) subq1GROUP BY subq1.school, subq1.memeDISTRIBUTE BY school, memeSORT BY school, meme, cnt desc

    ) subq2;

    3. HIVE ARCHITECTUREFigure 1 shows the major components of Hive and its in-

    teractions with Hadoop. The main components of Hive are:

    External Interfaces - Hive provides both user inter-faces like command line (CLI) and web UI, and appli-cation programming interfaces (API) like JDBC andODBC.

    The Hive Thrift Server exposes a very simple clientAPI to execute HiveQL statements. Thrift [8] is aframework for cross-language services, where a serverwritten in one language (like Java) can also supportclients in other languages. The Thrift Hive clients gen-erated in dierent languages are used to build commondrivers like JDBC (java), ODBC (C++), and scriptingdrivers written in php, perl, python etc.

    The Metastore is the system catalog. All other com-ponents of Hive interact with the metastore. For moredetails see Section 3.1.

    The Driver manages the life cycle of a HiveQL state-ment during compilation, optimization and execution.On receiving the HiveQL statement, from the thriftserver or other interfaces, it creates a session handlewhich is later used to keep track of statistics like exe-

  • Data Model!

    Tables: analogous to tables in RDBMS Typed columns (int, float, string, boolean) Structs: {a INT; b INT}. Also, list, arrays : map (for JSON-like data)

    Partitions For example, range-partition tables by date

    Buckets Hash partitions within ranges (useful for sampling, join optimization)

    Source: cc-licensed slide by Cloudera

    Hive - A Warehousing Solution Over a Map-ReduceFramework

    Ashish Thusoo, Joydeep Sen Sarma, Namit Jain, Zheng Shao,Prasad Chakka, Suresh Anthony, Hao Liu, Pete Wyckoff and Raghotham Murthy

    Facebook Data Infrastructure Team

    1. INTRODUCTIONThe size of data sets being collected and analyzed in the

    industry for business intelligence is growing rapidly, mak-ing traditional warehousing solutions prohibitively expen-sive. Hadoop [3] is a popular open-source map-reduce im-plementation which is being used as an alternative to storeand process extremely large data sets on commodity hard-ware. However, the map-reduce programming model is verylow level and requires developers to write custom programswhich are hard to maintain and reuse.

    In this paper, we present Hive, an open-source data ware-housing solution built on top of Hadoop. Hive supportsqueries expressed in a SQL-like declarative language - HiveQL,which are compiled into map-reduce jobs executed on Hadoop.In addition, HiveQL supports custom map-reduce scripts tobe plugged into queries. The language includes a type sys-tem with support for tables containing primitive types, col-lections like arrays and maps, and nested compositions ofthe same. The underlying IO libraries can be extended toquery data in custom formats. Hive also includes a systemcatalog, Hive-Metastore, containing schemas and statistics,which is useful in data exploration and query optimization.In Facebook, the Hive warehouse contains several thousandtables with over 700 terabytes of data and is being used ex-tensively for both reporting and ad-hoc analyses by morethan 100 users.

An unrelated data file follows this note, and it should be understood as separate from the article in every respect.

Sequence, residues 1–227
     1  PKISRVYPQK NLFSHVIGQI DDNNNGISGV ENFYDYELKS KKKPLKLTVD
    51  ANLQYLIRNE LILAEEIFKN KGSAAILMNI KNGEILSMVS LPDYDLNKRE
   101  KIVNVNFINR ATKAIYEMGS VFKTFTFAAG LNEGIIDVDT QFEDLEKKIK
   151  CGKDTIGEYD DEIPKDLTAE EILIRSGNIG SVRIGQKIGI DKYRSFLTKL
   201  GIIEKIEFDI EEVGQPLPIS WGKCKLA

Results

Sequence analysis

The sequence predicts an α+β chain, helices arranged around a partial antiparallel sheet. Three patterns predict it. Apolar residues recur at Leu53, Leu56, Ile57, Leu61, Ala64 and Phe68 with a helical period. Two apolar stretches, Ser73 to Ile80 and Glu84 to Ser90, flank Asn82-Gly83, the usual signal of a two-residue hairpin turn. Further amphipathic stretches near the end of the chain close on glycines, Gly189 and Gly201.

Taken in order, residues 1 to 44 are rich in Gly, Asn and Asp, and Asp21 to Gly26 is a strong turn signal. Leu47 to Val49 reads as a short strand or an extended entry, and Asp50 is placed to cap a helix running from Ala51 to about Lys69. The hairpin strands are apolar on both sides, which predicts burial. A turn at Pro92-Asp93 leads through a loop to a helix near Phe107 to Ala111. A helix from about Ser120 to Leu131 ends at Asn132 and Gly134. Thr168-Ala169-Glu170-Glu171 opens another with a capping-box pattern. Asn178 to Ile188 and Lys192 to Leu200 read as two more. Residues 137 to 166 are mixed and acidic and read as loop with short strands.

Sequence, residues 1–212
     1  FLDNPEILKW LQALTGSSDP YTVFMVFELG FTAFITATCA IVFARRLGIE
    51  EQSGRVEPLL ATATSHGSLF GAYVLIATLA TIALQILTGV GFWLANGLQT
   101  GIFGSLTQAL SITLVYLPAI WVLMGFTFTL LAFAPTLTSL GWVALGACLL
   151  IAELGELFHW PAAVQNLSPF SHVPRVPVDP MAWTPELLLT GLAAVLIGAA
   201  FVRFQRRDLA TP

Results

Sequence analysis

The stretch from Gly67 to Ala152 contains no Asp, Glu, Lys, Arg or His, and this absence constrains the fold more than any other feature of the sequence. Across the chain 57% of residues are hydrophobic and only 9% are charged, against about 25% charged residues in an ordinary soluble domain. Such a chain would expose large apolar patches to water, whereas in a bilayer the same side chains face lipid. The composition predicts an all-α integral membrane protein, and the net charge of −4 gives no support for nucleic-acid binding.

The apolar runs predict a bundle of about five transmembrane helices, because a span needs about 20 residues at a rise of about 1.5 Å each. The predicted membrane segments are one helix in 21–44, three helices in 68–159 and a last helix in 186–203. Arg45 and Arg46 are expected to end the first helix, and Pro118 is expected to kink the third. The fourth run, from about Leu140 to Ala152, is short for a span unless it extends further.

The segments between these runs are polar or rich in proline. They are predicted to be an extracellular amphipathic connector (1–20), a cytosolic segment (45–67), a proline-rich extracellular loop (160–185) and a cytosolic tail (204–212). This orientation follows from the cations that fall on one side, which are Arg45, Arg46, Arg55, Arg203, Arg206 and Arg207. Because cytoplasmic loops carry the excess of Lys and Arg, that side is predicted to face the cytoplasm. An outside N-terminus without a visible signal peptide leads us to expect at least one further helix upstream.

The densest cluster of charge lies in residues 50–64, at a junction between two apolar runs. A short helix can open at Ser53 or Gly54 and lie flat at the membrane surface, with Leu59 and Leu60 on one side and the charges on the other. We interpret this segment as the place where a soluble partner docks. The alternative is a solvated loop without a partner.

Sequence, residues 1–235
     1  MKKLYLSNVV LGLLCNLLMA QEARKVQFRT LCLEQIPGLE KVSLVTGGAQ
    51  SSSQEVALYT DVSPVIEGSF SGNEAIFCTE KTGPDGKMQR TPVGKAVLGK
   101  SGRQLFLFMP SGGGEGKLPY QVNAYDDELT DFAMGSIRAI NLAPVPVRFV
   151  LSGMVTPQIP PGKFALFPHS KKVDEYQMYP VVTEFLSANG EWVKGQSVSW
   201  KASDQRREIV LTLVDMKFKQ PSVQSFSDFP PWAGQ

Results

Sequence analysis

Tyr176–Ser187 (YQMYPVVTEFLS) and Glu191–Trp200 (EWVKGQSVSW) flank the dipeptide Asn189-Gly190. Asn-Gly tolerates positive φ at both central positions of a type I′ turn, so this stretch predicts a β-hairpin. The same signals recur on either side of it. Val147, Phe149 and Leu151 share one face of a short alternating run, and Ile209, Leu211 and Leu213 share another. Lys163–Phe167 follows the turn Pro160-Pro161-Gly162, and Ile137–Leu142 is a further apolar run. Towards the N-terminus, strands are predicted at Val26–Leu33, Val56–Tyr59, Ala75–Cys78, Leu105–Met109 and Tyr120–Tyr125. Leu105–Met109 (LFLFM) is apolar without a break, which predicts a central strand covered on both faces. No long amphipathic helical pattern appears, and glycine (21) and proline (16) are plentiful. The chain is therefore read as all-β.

The rest of the paper is organized as follows. Section 2describes the Hive data model and the HiveQL languagewith an example. Section 3 describes the Hive system ar-chitecture and an overview of the query life cycle. Section 4provides a walk-through of the demonstration. We concludewith future work in Section 5.

    2. HIVE DATABASE

    2.1 Data ModelData in Hive is organized into:

    Tables - These are analogous to tables in relational

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    databases. Each table has a corresponding HDFS di-rectory. The data in a table is serialized and stored infiles within that directory. Users can associate tableswith the serialization format of the underlying data.Hive provides builtin serialization formats which ex-ploit compression and lazy de-serialization. Users canalso add support for new data formats by defining cus-tom serialize and de-serialize methods (called SerDes)written in Java. The serialization format of each tableis stored in the system catalog and is automaticallyused by Hive during query compilation and execution.Hive also supports external tables on data stored inHDFS, NFS or local directories.

    Partitions - Each table can have one or more parti-tions which determine the distribution of data withinsub-directories of the table directory. Suppose datafor table T is in the directory /wh/T. If T is partitionedon columns ds and ctry, then data with a particulards value 20090101 and ctry value US, will be